Sinn Fein’s Six-County Deputy First Minister, Martin McGuinness has said that the arrest of party leader Gerry Adams by the PSNI last night was politically motivated.
Mr Adams spent last night at the PSNI’s main interrogation centre and is continuing to be questioned there.
Mr Adams was first contacted by the PSNI on Tuesday and had volunteered to help the investigation into the 1972 death of informer Jean McConville, Sinn Fein said. He presented himself at 8pm last night and within an hour the PSNI announced that a “65 year old man” had been arrested in the case.
Reports have indicated he is being questioned under the Terrorism Act 2000 and can be held by the PSNI for 48 hours without recourse to the course.
Unionists revelled in the development but demanded the Sinn Fein leader face charged. Late last night, celebrating loyalists erected a large British Union Jack outside the police base in Antrim town.
Mr McGuinness said Mr Adams was “the single most important person” in the peace process.
“In that context I view his arrest as a deliberate attempt to influence the outcome of the elections due to take place all over this island in three weeks,” he said.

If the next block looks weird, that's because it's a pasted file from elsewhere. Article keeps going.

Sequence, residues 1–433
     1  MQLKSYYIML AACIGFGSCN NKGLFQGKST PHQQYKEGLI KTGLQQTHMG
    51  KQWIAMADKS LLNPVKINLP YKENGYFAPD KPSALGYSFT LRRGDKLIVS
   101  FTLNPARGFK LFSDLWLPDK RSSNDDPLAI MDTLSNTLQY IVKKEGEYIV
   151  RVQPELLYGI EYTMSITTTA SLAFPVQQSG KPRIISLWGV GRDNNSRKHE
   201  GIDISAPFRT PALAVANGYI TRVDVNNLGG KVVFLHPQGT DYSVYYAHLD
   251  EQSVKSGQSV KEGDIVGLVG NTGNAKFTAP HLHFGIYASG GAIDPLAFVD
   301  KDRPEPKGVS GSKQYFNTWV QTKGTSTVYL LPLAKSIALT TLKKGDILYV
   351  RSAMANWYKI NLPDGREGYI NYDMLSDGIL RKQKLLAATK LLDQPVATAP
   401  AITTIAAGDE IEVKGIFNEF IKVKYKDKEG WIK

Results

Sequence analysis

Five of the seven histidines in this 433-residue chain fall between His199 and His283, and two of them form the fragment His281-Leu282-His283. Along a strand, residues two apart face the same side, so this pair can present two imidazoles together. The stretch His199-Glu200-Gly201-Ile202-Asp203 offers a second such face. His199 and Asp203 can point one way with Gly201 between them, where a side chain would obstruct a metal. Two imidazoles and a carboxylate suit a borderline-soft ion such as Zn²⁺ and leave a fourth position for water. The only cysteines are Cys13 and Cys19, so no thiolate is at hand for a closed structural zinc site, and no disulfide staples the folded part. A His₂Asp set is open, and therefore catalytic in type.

“That raises very serious questions about the agenda of those responsible. There are people on the dark side of policing and this is an attempt to flex their muscles.”
A recent poll showed Sinn Fein is on the brink of becoming the largest party in both parts of Ireland in elections being held separately in both jurisdictions later this month.
The Sinn Fein deputy leader Mary Lou McDonald blamed “old guard elements” within the PSNI and unionism were working against the party. She said it was wrong to suggest that Adams was a suspect in the inquiry, saying that he had volunteered to travel north to help the investigation.
Ms McDonald said there were people who viewed the growing strength of Sinn Fein with “very considerable alarm” and that there are people “who would wish to do things to stop that” ahead of the elections on May 23rd.
Asked if the arrest had damaged the PSNI’s credibility and the peace process, she said that the PSNI have “questions to answer” but added that the peace process is “fairly robust”.
The arrest of Mr Adams is being reported in the mainstream media in the 26 Counties as a major setback for the party’s chances of a historic breakthrough in the local and European elections there.
Taoiseach Enda Kenny denied charges of political interference, saying that parties in the 26 Counties had “absolutely no connection with this at all”.